I just finished another semester of my marketing class at NYU. I love spending time with people who are into marketing and want to keep learning. It's my own journey too, which is why I keep coming back for more. Marketing is a spectator sport, and we can all learn from each other.
One of my students, Monika Arafa, just finished the program with the completion of my class. She is indicative of the makeup of the students: multicultural, bilingual -- from a wide range of backgrounds. The class is a true melting pot, just like New York itself.
Today Monika writes a blog post about an experience at the movies with her son. I love how she relates the emotional connection between those with handicaps and the theme of the movie. After all, we all have a handicap in one way or another.
What's your experience, Monika? Jim.
Today is one of those rainy days, I woke up saying, "ok my son is off from school and I had made plans for him but with this weather it will be difficult to do any outdoor activities." I talked to him and we decided to go to the movie theater. I'm not always so excited about the movies since I usually get so bored, but I said to myself, "let's just go."
We ended up going to the movie Dolphin Tale. While we are buying the tickets he met his friends from school so I realized that he will enjoy it more because they will all sit together and comment. The movie started and it was in bold 3D. I didn't concentrate much because I was thinking about what our professor in my NYU class talked about and I was thinking about the paper that we have to write.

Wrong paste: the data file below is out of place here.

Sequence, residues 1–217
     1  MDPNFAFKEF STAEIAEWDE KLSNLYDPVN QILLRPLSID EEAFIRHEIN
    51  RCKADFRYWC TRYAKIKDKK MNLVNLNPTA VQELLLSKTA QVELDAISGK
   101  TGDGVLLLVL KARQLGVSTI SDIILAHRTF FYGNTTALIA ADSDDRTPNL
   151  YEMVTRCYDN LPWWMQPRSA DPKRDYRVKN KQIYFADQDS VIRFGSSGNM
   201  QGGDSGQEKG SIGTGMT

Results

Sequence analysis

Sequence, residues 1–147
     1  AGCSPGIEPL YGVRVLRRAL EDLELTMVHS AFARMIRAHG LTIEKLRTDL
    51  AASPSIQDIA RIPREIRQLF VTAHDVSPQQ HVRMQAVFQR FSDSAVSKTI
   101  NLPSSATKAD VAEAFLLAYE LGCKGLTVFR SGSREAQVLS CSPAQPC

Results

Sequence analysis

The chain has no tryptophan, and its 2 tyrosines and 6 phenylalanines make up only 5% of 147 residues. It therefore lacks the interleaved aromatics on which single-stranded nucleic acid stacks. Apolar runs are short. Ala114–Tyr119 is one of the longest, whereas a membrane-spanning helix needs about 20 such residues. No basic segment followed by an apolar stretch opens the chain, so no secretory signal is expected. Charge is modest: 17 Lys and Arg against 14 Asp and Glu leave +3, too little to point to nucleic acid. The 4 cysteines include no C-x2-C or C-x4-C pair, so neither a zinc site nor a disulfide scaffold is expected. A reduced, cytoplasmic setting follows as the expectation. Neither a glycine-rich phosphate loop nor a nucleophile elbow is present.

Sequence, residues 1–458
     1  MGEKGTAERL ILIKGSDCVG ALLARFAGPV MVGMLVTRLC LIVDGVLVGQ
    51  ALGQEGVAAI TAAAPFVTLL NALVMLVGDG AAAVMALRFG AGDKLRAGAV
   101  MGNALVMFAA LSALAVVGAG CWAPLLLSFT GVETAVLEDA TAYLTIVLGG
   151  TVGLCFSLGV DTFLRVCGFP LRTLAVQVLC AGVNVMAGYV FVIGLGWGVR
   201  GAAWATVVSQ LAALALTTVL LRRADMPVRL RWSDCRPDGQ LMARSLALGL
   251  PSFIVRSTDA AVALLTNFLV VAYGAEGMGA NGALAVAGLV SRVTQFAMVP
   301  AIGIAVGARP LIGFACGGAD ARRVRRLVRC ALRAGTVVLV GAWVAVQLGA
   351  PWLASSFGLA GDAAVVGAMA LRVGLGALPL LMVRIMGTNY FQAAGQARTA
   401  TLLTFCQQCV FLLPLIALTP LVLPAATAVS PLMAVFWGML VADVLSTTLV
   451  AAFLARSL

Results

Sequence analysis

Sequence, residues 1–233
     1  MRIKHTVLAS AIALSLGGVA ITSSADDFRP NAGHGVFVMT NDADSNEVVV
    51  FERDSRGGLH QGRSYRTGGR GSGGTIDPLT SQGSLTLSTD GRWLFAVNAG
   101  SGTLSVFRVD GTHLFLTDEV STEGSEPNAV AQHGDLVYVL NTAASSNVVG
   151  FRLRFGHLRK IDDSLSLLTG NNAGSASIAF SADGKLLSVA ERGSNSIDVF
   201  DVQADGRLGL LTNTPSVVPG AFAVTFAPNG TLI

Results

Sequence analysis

Then I remembered that he said that we can write a blog post too. But I am no good at all in writing and I don't know what to write about. At this point my son told me that I am not concentrating so I quickly said to him, "yes, yes."
The movie is about a Dolphin that a small boy found without a tail on the shore and tried to rescue him. The conclusion, or what impressed me most about this movie, was about the Dolphin and how many handicapped people felt related to him since he was missing his tail. The young boy who found him tried to raise money to help the Dolphin. He reached out to TV and other people to raise the money and in the end he succeeded.
I came out of the move saying, "I love marketing," not that I didn't know that before. Since I was a kid I was always watching only the commercials (note from Jim: me too!) and skipping the movies, but this movie made me feel we can market and brand anything.
Not only the products in our daily life. We can market human needs and in fact we have been marketing ourselves in our daily life since we are born.
This was my movie experience and how I related it to my life.
- Monika Arafa, student at NYU
President of Lippe Taylor
Author of The Experience Effect
Professor at NYU